In 2010, I never expected to start my New Year like this, sitting in my car, feeling a mixture of numbness and anxiety. Numb to the disbelief that someone I knew in my whole life is gone. I just saw Granny a few days ago when she wanted to give me my birthday gift. Though she was in the hospital, secretly hiding her pain because she dreaded having the family worry about her, Granny still wanted to bless me with a gift. I felt anxious because I wanted to see her body. I wanted to personally say goodbye. I wanted to touch her. Though her spirit has left her body, I wanted to say goodbye and hope she could hear me in Heaven.
While waiting for the rest of the family members to arrive at the funeral home to review and approve her image, memories kept popping out of my head like hot popcorn. One minute I was thinking about the time that you forced me to help you shell butterbeans and then I had to watch the Price Is Right Game Show with you. Another moment came when you kept complaining to my Dad about the sandwich, he brought you and stated that you wished that you had me to bring you a sandwich. While tears slowly dripped like ice cycles melting, I thought about Christmas, when you walked around the house around 5am to wake the whole family up. I’m going to miss our competitive, trash-talking UNO card game matches. If UNO was an Olympic sport, my Granny would have been the most decorated athlete of all time.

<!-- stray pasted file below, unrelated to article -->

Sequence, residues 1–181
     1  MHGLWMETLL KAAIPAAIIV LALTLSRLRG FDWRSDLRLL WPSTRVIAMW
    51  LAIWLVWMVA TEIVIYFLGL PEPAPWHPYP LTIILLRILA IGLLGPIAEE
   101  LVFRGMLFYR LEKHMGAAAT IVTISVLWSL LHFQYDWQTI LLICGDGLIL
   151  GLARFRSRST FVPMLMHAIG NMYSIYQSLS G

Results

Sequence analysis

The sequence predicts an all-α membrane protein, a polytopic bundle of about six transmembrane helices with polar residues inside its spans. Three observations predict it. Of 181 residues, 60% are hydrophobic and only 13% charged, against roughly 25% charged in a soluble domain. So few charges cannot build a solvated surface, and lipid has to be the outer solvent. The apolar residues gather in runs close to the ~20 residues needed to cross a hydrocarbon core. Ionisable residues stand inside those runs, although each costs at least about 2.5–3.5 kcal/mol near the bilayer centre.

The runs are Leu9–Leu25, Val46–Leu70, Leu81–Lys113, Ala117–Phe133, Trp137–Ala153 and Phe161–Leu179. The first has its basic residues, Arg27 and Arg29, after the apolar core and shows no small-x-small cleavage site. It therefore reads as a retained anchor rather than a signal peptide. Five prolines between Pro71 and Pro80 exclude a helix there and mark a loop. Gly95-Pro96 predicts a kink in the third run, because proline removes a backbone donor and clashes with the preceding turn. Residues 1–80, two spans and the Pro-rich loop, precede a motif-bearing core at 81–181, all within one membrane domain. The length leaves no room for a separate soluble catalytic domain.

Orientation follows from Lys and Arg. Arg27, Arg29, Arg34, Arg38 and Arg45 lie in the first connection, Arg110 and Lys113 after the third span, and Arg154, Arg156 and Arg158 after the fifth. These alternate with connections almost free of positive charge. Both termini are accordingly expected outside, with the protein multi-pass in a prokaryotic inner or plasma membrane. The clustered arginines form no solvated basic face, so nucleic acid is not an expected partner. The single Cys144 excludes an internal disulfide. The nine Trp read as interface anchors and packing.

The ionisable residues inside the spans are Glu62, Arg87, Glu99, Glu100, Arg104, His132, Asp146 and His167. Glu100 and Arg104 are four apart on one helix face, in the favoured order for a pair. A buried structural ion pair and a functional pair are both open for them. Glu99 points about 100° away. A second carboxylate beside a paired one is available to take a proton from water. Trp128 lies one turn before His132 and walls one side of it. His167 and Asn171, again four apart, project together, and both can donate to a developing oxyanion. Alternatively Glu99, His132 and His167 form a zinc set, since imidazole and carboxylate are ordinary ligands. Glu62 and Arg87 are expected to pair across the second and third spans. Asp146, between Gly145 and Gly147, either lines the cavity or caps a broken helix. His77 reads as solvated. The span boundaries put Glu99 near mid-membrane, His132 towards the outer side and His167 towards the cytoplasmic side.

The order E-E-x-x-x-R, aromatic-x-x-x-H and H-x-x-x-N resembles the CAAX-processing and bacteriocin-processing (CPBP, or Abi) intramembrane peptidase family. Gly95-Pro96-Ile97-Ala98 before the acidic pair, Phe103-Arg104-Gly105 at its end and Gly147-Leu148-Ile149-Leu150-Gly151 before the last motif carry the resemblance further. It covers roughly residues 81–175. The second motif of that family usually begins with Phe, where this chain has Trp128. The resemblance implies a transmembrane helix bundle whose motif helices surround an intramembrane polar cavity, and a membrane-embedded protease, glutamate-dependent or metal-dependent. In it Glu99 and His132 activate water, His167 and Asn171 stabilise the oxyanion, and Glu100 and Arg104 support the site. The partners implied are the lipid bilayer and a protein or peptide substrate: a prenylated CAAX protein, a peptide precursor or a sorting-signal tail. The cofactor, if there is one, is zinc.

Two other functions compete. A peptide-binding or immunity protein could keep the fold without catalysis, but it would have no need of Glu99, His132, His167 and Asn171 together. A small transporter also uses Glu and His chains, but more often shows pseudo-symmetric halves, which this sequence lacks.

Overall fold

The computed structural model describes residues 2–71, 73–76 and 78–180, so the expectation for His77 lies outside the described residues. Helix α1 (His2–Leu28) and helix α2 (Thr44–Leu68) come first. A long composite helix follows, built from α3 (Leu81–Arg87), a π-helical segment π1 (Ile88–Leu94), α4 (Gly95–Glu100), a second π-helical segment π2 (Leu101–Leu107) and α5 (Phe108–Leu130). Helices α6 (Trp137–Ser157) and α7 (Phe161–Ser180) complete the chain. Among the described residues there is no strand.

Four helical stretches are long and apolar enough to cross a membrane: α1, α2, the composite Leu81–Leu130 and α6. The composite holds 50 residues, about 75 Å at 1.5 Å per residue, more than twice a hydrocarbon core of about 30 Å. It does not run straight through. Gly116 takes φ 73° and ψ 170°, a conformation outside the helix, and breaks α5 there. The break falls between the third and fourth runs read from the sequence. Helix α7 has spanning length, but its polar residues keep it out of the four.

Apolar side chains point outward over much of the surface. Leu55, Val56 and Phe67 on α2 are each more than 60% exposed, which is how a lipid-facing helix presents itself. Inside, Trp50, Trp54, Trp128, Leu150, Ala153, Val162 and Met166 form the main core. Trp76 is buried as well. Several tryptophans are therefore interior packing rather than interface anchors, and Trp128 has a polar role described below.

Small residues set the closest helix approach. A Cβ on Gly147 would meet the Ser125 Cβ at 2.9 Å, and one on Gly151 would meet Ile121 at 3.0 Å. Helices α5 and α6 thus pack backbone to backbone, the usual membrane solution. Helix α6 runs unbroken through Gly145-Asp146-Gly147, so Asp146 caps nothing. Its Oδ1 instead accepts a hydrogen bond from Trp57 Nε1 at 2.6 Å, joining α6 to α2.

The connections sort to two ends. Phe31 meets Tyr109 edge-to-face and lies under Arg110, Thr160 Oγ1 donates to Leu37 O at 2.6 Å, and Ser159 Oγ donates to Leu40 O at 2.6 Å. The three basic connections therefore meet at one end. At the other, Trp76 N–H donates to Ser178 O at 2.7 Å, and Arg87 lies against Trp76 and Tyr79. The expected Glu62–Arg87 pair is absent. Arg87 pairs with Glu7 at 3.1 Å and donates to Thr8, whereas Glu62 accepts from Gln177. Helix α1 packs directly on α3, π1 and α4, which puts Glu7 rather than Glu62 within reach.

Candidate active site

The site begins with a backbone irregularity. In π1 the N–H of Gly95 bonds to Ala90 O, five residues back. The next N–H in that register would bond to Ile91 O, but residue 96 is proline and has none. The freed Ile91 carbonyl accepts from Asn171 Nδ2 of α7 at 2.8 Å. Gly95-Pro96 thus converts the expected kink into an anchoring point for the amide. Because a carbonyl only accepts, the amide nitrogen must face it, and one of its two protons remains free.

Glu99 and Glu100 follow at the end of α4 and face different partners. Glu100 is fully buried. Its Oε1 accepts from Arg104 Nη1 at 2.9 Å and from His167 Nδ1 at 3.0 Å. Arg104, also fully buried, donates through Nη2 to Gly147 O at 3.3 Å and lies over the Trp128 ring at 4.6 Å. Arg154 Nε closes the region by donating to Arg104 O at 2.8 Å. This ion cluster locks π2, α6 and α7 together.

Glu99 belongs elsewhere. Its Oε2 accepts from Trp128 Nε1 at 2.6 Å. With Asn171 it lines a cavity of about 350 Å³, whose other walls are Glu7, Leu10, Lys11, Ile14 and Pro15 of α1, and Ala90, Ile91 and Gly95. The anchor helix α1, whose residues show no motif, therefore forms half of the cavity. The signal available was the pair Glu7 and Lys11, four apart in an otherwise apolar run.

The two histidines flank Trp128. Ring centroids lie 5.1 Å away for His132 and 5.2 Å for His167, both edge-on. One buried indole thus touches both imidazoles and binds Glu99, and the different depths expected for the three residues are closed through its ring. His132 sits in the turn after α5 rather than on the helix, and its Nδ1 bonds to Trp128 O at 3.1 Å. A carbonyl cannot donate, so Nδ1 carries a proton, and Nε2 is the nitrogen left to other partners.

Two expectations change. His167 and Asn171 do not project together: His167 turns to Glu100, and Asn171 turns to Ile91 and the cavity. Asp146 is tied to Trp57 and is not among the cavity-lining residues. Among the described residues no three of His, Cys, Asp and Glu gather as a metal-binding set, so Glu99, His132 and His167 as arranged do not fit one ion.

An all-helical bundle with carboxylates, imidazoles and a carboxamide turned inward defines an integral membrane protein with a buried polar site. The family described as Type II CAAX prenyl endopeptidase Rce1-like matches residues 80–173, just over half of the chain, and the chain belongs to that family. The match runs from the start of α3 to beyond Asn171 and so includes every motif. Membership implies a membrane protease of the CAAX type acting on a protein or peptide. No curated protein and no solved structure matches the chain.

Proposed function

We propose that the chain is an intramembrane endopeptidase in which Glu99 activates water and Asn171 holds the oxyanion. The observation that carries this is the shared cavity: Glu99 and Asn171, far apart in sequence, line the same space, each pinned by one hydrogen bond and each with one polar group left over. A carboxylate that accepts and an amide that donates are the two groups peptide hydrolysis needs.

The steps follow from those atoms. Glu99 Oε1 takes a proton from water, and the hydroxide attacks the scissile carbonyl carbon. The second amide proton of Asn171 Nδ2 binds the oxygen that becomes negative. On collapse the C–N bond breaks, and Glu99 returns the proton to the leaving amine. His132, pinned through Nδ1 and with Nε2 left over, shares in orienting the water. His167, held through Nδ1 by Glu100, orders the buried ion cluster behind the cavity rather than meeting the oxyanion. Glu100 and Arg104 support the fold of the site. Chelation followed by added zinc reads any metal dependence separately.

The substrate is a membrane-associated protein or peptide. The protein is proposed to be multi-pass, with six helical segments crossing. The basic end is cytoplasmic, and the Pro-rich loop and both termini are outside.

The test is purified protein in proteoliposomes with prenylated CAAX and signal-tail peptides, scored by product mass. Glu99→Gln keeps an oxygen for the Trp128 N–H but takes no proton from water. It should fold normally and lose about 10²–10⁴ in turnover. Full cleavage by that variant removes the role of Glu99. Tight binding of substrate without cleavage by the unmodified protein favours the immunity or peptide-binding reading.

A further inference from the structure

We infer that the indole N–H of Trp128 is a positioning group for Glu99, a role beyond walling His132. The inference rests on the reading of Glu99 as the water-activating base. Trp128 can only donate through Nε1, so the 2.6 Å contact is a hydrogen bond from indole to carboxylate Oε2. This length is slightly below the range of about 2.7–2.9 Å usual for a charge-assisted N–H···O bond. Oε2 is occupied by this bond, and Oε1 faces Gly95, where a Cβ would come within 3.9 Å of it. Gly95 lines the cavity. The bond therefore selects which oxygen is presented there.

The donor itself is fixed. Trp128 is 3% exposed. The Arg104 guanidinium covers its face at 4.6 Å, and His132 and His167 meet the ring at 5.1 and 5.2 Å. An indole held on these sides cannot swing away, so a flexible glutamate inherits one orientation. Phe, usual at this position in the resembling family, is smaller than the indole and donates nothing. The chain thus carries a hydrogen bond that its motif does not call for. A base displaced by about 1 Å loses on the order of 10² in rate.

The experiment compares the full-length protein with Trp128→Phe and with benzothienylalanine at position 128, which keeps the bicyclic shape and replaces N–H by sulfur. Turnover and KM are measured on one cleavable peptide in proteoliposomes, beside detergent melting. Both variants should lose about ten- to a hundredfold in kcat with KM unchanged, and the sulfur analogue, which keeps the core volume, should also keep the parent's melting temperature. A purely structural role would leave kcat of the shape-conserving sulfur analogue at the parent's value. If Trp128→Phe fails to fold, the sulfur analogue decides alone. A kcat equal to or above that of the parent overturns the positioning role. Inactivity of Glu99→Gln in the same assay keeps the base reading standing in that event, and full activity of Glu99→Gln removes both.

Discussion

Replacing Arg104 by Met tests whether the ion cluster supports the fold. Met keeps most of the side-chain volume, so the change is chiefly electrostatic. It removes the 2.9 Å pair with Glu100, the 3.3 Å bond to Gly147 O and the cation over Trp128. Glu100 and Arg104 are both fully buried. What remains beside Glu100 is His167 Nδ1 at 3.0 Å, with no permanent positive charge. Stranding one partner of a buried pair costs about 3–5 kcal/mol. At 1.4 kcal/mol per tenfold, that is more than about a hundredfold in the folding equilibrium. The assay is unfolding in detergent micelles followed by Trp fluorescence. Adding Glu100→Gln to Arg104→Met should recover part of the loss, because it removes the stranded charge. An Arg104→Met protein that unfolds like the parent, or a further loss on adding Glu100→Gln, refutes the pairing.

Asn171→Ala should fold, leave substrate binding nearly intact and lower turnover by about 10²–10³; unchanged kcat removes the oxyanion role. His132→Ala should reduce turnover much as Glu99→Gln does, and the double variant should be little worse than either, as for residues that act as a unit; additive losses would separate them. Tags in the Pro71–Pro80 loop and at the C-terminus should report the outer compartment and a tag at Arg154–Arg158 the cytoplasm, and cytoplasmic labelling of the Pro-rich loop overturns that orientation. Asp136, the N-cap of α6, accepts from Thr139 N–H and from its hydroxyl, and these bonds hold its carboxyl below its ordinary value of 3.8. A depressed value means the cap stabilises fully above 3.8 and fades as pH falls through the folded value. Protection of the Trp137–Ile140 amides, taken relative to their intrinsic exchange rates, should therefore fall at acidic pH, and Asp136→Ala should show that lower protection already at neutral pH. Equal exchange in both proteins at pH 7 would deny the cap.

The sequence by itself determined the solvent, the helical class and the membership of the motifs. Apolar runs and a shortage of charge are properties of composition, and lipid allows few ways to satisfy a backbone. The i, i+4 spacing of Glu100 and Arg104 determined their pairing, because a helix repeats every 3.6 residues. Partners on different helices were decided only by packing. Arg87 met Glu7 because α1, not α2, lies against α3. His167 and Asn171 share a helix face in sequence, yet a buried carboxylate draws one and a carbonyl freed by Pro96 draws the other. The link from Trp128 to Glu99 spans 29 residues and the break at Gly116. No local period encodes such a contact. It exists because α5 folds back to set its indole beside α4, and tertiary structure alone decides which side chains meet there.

When the rest of the family members came, without hesitation I jumped out of my car and burst into the funeral home. Looking left and right, I was directed towards her body to view and approve with the rest of the family. Seeing you lying there, felt like my heart and soul colliding on the floor. In disbelief, I stared at you. Our request of having your favorite purse in the casket was made. I wanted you to hold some UNO cards in your hands, but I was outvoted. Wishing this wasn't real. But no matter how much I wish it wasn't, I had to realize that your time was expired. I still can’t believe that we were planning your funeral.
During Granny’s funeral, the church was filled with many mourners. I had family members that couldn't attend but left messages that were read during the funeral. I even met relatives that I heard Granny speak about, but never saw them in person. Staring at her casket, I cracked a smile and realized that I did something that many people wish they could have done. As Granny used to tell me often, "Give me my flowers while I'm alive, not when I'm gone. Tell me that you love me while I'm here, not when I'm not here no more." I’m glad to say that I did that and more!